The tremor is reported to have flattened entire villages (click here for more detail). The earthquake struck southwest Pakistan before dawn as people were preparing for the first prayer of the day. Many evacuated their homes after the first, smaller tremor shook their houses, went outside and waited for awhile but returned back in because of cold weather. It is reported that about 20 minutes later the large earthquake hit, flattening many houses and killing hundreds.
The earthquake was located about 60km northeast of the provincial capital Quetta. Timber and mud with heavy walls are common construction materials in the area. The challenge now is to provide food and shelter to those who survived – in this cold weather. The ability of the government to respond effectively to the people’s urgent needs is questionable. Click here for news.
This earthquake affected a few villages in Pakistan, but it is yet another warning to every village and city in the region where active faults are present. All these cities will face the same fate sooner or later when the next earthquake hits (in Pakistan, India, Iran, Turkey, etc.). Why does it remain to be a challenge to understand the risks that we are facing and to act promptly? Read the rest of this entry »
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Categories : earthquake, emergency response, engineering, policy
[By Shideh] Tehran mayor, Mr. Qalibaf, has been trying to learn from and collaborate with other big cities in the world to improve Tehran in many ways. I find his attempts promising and in the right direction: http://www.tehrantimes.com/index_View.asp?code=180227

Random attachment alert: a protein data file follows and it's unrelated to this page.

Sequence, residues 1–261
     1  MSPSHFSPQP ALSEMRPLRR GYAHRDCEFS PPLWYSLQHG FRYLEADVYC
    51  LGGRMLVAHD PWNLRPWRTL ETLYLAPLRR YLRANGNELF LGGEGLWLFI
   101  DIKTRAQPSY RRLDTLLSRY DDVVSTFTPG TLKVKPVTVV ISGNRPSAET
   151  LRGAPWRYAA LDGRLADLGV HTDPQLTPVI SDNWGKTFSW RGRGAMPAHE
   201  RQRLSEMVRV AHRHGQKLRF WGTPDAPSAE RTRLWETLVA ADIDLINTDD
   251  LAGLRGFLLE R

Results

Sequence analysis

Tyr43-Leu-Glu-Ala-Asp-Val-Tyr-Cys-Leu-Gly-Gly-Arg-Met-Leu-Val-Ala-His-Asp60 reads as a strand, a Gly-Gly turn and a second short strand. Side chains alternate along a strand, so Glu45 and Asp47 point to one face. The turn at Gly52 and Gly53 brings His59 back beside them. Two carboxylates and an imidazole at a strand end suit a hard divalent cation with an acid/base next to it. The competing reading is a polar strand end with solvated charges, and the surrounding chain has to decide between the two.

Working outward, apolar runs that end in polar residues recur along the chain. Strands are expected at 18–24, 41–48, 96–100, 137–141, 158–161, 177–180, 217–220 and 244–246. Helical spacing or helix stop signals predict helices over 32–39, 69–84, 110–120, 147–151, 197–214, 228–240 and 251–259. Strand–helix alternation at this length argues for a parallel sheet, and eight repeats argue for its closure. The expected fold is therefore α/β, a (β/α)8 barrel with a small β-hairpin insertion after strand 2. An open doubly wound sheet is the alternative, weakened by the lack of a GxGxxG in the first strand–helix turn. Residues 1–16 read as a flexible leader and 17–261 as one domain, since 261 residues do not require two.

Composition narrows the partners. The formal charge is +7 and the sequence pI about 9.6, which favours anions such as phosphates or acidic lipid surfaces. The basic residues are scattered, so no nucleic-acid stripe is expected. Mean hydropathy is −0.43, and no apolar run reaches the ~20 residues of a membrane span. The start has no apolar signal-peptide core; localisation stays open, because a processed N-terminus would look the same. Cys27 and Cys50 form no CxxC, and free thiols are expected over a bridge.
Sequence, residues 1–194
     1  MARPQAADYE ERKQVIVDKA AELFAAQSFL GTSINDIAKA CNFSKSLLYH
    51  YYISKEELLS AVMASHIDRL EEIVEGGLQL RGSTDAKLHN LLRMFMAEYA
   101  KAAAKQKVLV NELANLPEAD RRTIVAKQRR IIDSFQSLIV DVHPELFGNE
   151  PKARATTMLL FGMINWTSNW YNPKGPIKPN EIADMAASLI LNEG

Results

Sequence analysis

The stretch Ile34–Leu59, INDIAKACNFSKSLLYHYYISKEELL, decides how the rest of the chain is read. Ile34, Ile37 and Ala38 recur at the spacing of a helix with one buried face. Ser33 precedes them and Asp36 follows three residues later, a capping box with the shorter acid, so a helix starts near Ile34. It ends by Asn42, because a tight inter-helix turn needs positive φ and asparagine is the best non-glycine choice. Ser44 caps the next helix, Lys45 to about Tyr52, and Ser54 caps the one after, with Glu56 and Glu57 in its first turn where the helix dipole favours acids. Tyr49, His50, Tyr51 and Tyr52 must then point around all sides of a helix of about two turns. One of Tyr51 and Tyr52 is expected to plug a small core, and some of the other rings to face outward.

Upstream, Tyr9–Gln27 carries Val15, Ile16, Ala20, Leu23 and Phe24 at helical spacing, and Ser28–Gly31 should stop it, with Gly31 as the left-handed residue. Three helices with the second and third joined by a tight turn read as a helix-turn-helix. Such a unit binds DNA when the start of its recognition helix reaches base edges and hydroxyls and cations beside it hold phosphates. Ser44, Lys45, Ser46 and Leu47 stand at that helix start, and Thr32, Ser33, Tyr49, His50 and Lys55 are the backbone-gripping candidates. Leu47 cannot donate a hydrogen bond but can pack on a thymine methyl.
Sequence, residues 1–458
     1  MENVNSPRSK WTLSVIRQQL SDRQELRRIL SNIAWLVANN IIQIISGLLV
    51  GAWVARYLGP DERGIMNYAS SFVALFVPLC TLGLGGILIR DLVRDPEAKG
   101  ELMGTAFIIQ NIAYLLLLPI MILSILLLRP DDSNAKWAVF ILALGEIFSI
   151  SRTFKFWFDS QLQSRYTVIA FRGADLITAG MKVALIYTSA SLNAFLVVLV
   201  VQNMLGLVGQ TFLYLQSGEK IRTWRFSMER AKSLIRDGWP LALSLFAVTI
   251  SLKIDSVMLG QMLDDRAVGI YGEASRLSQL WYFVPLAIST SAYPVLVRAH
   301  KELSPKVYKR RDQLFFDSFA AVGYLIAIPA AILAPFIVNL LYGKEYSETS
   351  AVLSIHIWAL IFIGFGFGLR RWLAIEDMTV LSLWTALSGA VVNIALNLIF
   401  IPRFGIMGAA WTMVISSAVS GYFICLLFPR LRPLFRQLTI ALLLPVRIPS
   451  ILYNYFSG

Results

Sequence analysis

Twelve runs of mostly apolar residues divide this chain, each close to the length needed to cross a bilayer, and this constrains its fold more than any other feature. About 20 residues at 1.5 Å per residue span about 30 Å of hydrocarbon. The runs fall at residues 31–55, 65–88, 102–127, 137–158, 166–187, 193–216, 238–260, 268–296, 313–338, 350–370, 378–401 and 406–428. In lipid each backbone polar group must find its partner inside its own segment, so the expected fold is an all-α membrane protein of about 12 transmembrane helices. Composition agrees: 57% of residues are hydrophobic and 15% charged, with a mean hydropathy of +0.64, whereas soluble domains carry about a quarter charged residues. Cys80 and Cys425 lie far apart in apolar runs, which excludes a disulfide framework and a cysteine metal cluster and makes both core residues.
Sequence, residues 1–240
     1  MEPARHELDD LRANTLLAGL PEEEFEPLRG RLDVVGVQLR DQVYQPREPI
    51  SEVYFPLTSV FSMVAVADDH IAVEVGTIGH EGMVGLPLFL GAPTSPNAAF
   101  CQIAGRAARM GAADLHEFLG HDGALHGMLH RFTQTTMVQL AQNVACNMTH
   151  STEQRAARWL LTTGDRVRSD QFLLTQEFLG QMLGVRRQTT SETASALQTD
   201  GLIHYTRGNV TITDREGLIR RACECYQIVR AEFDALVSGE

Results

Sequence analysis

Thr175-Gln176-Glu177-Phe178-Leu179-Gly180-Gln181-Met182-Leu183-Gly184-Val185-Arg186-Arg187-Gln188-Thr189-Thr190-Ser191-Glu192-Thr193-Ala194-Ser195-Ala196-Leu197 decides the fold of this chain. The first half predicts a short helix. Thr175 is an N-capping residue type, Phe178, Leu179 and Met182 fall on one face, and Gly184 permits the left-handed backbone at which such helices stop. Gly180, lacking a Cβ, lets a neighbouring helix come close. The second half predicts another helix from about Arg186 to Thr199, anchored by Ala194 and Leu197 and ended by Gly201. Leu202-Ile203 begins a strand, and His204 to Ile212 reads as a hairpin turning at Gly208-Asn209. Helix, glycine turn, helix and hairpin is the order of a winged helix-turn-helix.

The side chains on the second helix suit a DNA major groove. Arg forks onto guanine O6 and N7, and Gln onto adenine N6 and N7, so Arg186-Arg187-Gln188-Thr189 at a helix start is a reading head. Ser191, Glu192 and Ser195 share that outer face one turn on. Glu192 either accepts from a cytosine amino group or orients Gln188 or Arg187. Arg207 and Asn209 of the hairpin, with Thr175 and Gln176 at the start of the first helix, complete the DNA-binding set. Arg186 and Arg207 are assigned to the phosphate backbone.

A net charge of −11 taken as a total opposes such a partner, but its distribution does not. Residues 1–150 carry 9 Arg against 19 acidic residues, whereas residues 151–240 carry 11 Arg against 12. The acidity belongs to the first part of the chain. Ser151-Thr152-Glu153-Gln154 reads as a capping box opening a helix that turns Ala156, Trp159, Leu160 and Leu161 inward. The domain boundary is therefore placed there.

Tehran can learn a great deal from Tokyo in terms of pollution reduction and earthquake safety. Perhaps Japan is one of the few remaining nations that has not paid much attention to the US attempts to impose international sanctions on Iran – up to debate. This is a great start for Qalibaf to attract Japanese investment and collaborate with the mayor of Tokyo to improve Tehran’s infrastructure. However, an important part of the problem in Tehran and Iran in general is not related to technical expertise and lack of knowledge. The main problem seems to be deeply rooted in social awareness and culture. It takes a great number of local experts on the social psychology of Tehranians to solve the essential problems that are unique to Tehran and do not apply to Tokyo. Japan in particular has a culture vastly different from those of Iranians and I hope that their solutions and policies will not be blindly applied to Tehran. Iran has a history of blindly following policies of developed nations to improve its system (i.e. education, infrastructure, architecture, city planning, etc.) and my impression is that these attempts have lead to disastrous results and confusion on our own social/cultural identity.
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Categories : city planning, earthquake, engineering, history, policy, pollution, public transit